The new year is a natural time to make new resolutions. Whether your resolutions are goals or habits, these five tips will help make them stick.
It’s very easy to beat oneself up for not finishing tasks like decluttering, but there are usually pretty good reasons for it. Sure, laziness or lack of motivation can play into it, but what makes tasks difficult is not the actions, but the decisions involved. In fact, my favorite definition of “clutter” is Barbara Hemphill’s “postponed decisions.”
It is very common for me to meet with a potential client who can’t decide if she wants to begin with organizing the cluttered bedroom, the cluttered kitchen, or the cluttered home office. For me, it’s always a clear choice: the garage.
I hate clutter because it feels like death. (Can’t accuse me of burying the lead.) Don’t get me wrong. I’m not talking about your purposeful collections, piles of laundry, or ongoing project, sprawled across you table. I’m talking about that excess stuff, with no plan for movement.
In the movie, The Untouchables, there is a scene where an assassin comes to kill the Sean Connery character, who (after a derogatory remark) notes that he has brought “a knife to a gun fight.” He then shoots the assassin. I am reminded of this scene, every time a client tells me “You wouldn’t believe how much I have already thrown out.” In the war on clutter, the trash bag is not the right weapon.
There are a lot of reasons for why it is hard to toss our excess stuff, that I have discussed in this blog. For example, there’s clutter from the past that holds sentimental value and there’s clutter for the future that we might need “someday.” Today, however, I want to share a new theory on why we keep clutter, that I don’t believe has ever been addressed before. I call it the check register theory. Here it is.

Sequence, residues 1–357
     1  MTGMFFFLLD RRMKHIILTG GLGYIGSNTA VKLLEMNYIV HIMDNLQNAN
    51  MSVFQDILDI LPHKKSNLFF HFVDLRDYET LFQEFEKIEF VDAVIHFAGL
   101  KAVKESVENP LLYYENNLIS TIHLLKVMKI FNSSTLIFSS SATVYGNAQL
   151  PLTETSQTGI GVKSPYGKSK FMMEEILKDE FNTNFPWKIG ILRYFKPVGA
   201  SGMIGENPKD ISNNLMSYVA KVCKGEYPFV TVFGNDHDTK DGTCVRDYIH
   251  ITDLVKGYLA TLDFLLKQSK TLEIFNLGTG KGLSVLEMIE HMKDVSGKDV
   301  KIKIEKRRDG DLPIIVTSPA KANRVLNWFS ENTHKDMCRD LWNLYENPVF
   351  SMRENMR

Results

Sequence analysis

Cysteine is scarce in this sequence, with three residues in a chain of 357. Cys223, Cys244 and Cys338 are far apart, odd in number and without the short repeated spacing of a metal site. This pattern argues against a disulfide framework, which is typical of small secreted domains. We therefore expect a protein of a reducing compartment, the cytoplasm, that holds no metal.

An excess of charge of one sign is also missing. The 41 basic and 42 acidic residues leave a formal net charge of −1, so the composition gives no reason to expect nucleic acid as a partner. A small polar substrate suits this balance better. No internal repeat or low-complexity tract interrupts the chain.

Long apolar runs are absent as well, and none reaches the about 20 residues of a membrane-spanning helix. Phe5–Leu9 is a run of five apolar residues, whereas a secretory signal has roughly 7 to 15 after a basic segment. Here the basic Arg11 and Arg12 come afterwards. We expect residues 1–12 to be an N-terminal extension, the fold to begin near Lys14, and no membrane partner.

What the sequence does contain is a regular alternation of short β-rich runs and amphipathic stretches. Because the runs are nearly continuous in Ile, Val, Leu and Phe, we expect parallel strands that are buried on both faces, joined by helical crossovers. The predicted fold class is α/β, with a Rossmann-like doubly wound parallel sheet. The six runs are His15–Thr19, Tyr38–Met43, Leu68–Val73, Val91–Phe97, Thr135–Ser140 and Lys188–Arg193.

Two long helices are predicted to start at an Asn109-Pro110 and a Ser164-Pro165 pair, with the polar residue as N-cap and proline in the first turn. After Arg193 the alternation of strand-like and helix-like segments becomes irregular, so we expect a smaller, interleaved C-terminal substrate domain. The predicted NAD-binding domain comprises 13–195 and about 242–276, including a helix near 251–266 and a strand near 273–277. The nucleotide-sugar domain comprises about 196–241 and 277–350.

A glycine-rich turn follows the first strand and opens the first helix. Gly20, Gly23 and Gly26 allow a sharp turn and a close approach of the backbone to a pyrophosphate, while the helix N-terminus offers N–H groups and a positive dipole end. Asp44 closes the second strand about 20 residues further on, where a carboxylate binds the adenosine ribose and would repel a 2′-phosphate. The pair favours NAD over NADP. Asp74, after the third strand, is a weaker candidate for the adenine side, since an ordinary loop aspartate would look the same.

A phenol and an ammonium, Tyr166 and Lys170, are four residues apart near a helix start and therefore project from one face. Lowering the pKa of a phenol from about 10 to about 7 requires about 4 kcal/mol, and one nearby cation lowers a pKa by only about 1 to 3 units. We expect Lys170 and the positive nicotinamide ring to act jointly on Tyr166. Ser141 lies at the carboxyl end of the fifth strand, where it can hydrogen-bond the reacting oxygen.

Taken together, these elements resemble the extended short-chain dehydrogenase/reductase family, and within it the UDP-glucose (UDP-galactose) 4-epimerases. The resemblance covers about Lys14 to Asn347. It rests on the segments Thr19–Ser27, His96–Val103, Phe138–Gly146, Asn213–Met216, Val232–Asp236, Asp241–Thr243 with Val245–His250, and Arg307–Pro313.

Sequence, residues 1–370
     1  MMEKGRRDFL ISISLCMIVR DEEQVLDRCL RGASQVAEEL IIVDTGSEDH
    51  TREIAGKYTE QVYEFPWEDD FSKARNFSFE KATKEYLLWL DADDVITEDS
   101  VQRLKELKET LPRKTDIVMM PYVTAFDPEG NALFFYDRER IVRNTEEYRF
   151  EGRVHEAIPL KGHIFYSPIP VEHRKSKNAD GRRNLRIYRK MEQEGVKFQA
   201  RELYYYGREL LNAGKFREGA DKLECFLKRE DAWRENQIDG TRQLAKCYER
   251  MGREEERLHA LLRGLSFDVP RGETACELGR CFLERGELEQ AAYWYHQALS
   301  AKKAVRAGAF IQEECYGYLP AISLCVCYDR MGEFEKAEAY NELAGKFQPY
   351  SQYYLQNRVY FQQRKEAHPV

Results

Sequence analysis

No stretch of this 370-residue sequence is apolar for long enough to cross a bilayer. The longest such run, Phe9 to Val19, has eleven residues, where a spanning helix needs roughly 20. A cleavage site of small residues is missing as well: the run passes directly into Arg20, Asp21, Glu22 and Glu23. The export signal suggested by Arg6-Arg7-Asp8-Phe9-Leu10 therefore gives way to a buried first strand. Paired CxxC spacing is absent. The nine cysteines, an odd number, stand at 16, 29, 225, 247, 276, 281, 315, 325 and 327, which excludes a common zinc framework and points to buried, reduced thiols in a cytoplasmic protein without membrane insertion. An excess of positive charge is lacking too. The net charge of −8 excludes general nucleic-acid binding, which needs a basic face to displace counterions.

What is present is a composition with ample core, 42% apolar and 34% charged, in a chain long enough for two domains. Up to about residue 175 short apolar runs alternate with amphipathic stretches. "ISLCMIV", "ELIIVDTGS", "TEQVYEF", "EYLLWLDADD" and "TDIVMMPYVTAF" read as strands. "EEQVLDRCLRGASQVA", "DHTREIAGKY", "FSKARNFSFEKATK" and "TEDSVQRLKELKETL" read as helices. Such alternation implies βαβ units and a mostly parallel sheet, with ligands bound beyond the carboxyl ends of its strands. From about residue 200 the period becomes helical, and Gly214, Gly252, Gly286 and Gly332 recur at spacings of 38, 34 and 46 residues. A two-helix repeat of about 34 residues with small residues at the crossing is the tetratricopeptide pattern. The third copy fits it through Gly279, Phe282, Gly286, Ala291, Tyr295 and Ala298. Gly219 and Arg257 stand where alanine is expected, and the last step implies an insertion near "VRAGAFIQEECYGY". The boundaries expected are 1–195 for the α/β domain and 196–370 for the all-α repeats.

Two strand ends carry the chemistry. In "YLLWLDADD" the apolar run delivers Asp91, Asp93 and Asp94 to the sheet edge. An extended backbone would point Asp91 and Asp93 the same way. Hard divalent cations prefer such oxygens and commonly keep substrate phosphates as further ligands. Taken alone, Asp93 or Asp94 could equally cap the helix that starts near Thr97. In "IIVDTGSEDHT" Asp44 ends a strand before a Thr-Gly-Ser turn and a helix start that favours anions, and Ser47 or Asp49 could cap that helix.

The modern definition of clutter is a collection of things lying about in an untidy mass, which I find woefully inadequate. It doesn’t address the value of these “things.” The origin of the word clutter, is from the Middle English, clotter, which means to clot. I actually like that better.
This past weekend an article came out in Minnesota’s Star Tribune that featured an interview with organizing guru, Peter Walsh. In it, Walsh states "Clutter isn’t really about stuff at all. Rather, it’s about our relationship to stuff. Clutter becomes a problem when people look for meaning, support and affirmation from their belongings, instead of from other people." I couldn’t agree more. I’d like to describe an approach I take, to illustrate this point.
It’s not uncommon for clients to ask us to work our organizing magic in several rooms in their home—in one day. Our magic doesn’t come from jumping from one stepping-stone to the next, across the house. It comes from building steps and climbing up to the next level.
Last week a woman was giving me a tour of all the organizing challenges in her home and when we came to a closet upstairs, I asked her, “can I see what’s in here?” She said “Oh, I don’t want to show you that. It’s a DISASTER!” After explaining to her that I was in the disaster business, she let me have a look.
One of the questions I get asked most frequently, before starting an organizing project is “What should I buy?” I have a very simple answer: nothing. This is especially true for the big projects we tend to get this time of year, like garages, basements, attics. The reason comes down to this very simple organizing rule: "quantity dictates systems."